Vcore            | 0.992      | Volts      | ok    | 0.776     | 0.800     | 0.824     | 1.352     | 1.376     | 1.400                                                                                                                
VDIMM            | 1.568      | Volts      | ok    | 1.288     | 1.312     | 1.336     | 1.656     | 1.680     | 1.704                                                                                                                
+5 V             | 5.024      | Volts      | ok    | 4.416     | 4.448     | 4.480     | 5.536     | 5.568     | 5.600                                                                                                                
+5VSB            | 4.992      | Volts      | ok    | 4.416     | 4.448     | 4.480     | 5.536     | 5.568     | 5.600     
+12 V            | 12.296     | Volts      | ok    | 10.600    | 10.653    | 10.706    | 13.250    | 13.303    | 13.356    
+3.3 V           | 3.288      | Volts      | ok    | 2.880     | 2.904     | 2.928     | 3.648     | 3.672     | 3.696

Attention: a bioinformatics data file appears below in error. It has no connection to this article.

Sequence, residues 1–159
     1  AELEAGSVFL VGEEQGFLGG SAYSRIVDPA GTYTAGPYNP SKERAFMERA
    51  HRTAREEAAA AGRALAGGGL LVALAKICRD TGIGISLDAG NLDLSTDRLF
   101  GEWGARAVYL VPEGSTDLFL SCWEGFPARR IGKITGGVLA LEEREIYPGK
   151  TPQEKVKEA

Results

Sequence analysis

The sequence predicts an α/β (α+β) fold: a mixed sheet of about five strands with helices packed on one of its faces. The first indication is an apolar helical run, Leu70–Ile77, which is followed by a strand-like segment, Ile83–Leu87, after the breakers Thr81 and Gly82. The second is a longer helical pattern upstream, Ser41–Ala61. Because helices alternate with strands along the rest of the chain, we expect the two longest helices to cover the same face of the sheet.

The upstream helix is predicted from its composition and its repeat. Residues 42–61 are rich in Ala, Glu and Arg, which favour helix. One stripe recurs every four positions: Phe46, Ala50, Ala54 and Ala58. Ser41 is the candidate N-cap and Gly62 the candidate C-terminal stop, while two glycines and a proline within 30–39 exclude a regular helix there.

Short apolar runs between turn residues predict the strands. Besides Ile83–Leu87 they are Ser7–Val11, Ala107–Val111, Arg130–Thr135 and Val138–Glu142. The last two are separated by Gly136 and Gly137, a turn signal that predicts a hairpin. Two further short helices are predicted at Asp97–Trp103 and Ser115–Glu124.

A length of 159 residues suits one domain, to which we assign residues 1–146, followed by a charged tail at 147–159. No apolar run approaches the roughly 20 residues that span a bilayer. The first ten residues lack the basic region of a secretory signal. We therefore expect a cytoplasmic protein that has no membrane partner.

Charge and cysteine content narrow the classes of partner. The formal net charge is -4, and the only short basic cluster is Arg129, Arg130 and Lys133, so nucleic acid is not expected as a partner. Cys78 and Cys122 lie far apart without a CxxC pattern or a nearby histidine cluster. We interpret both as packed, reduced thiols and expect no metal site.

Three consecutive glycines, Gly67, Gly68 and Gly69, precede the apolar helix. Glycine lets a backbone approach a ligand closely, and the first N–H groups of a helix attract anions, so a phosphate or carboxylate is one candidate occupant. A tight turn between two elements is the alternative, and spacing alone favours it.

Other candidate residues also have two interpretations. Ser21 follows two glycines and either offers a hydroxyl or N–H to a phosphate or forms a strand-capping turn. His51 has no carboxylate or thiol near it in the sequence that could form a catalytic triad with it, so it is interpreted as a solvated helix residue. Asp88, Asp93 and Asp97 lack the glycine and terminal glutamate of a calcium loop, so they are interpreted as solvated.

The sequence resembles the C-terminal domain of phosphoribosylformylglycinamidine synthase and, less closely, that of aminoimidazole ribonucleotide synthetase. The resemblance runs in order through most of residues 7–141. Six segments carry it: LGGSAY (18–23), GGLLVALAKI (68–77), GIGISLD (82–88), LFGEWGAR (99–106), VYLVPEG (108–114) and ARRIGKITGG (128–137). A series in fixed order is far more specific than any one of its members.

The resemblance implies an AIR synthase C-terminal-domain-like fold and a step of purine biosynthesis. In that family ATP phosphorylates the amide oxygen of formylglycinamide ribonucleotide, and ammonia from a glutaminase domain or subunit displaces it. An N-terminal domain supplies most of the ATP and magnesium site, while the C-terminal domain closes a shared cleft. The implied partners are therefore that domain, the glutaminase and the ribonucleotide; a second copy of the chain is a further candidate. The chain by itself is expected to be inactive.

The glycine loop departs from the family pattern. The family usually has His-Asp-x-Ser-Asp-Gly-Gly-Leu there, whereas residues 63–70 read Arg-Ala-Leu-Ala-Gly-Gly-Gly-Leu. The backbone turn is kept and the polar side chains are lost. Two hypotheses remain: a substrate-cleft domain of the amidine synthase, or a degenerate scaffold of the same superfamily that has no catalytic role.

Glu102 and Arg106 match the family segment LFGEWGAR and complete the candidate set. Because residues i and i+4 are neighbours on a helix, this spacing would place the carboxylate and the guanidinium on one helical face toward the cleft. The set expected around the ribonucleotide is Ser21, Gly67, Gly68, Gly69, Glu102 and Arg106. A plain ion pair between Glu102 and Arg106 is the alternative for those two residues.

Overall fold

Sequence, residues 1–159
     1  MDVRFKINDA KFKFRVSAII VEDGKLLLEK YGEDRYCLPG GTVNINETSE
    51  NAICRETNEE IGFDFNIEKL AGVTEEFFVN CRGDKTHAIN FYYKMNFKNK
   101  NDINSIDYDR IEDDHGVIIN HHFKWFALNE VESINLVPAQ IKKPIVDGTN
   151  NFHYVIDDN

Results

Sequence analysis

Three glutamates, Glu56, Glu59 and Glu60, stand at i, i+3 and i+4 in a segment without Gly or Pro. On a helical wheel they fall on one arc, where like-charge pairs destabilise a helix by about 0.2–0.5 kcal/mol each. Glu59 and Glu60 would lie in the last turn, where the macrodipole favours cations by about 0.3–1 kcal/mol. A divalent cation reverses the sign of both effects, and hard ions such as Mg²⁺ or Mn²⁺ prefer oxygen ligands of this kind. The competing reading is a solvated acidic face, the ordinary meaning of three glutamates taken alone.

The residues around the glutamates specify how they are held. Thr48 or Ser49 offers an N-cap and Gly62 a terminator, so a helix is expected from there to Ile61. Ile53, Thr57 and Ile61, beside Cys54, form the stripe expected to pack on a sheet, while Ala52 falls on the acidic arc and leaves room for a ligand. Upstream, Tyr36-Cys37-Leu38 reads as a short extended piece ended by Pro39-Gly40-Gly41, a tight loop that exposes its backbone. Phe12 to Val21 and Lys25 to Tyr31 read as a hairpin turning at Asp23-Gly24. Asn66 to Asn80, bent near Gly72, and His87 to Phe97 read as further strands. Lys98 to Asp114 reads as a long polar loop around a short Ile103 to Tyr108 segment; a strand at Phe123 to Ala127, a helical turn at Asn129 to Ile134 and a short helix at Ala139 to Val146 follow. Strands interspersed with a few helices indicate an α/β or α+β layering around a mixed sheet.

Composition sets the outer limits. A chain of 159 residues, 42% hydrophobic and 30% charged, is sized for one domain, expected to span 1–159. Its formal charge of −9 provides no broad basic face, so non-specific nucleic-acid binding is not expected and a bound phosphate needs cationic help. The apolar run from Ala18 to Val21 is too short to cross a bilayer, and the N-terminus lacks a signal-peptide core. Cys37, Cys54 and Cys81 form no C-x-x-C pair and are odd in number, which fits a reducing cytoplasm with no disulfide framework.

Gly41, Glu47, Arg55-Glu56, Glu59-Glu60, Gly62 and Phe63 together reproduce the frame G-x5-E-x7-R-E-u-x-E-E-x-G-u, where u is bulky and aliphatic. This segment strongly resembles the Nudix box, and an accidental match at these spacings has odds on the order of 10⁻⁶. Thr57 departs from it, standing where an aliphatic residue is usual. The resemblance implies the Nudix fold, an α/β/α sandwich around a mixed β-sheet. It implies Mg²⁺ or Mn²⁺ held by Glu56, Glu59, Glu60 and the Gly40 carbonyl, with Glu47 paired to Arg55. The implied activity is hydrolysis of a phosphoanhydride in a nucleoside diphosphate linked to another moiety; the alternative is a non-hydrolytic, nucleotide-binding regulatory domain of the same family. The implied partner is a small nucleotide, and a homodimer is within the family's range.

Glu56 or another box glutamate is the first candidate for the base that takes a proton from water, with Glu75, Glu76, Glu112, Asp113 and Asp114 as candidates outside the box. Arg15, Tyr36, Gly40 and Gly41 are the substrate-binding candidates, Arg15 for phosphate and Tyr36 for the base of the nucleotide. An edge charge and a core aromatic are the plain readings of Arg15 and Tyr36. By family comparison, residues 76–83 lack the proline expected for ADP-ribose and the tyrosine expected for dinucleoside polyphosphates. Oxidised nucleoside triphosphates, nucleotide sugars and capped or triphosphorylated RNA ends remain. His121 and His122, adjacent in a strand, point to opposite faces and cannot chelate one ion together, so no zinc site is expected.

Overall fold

+3.3VSB          | 3.264      | Volts      | ok    | 2.880     | 2.904     | 2.928     | 3.648     | 3.672     | 3.696     
VBAT             | 0.624      | Volts      | nr    | 2.880     | 2.904     | 2.928     | 3.648     | 3.672     | 3.696     
+1.05 V          | 1.072      | Volts      | ok    | 0.808     | 0.816     | 0.824     | 1.264     | 1.288     | 1.312     
Chassis Intru    | 0x0        | discrete   | 0x0000| na        | na        | na        | na        | na        | na        
PS Status        | 0x1        | discrete   | 0x0100| na        | na        | na        | na        | na        | na   

or

# ipmitool -I lan -U lathama -f ipmifile -H 192.168.15.206 sdr
CPU Core1 Temp   | 76 degrees C      | ok
CPU Core2 Temp   | 76 degrees C      | ok
CPU SoC Temp     | 74 degrees C      | ok
System Temp      | 22 degrees C      | ok
Peripheral Temp  | 24 degrees C      | ok
FAN 1            | 1600 RPM          | ok
FAN 2            | no reading        | ns
FAN 3            | no reading        | ns
Vcore            | 0.99 Volts        | ok
VDIMM            | 1.57 Volts        | ok
+5 V             | 5.02 Volts        | ok
+5VSB            | 4.99 Volts        | ok
+12 V            | 12.30 Volts       | ok
+3.3 V           | 3.29 Volts        | ok
+3.3VSB          | 3.26 Volts        | ok
VBAT             | 0.62 Volts        | nr
+1.05 V          | 1.07 Volts        | ok
Chassis Intru    | 0x00              | ok
PS Status        | 0x01              | ok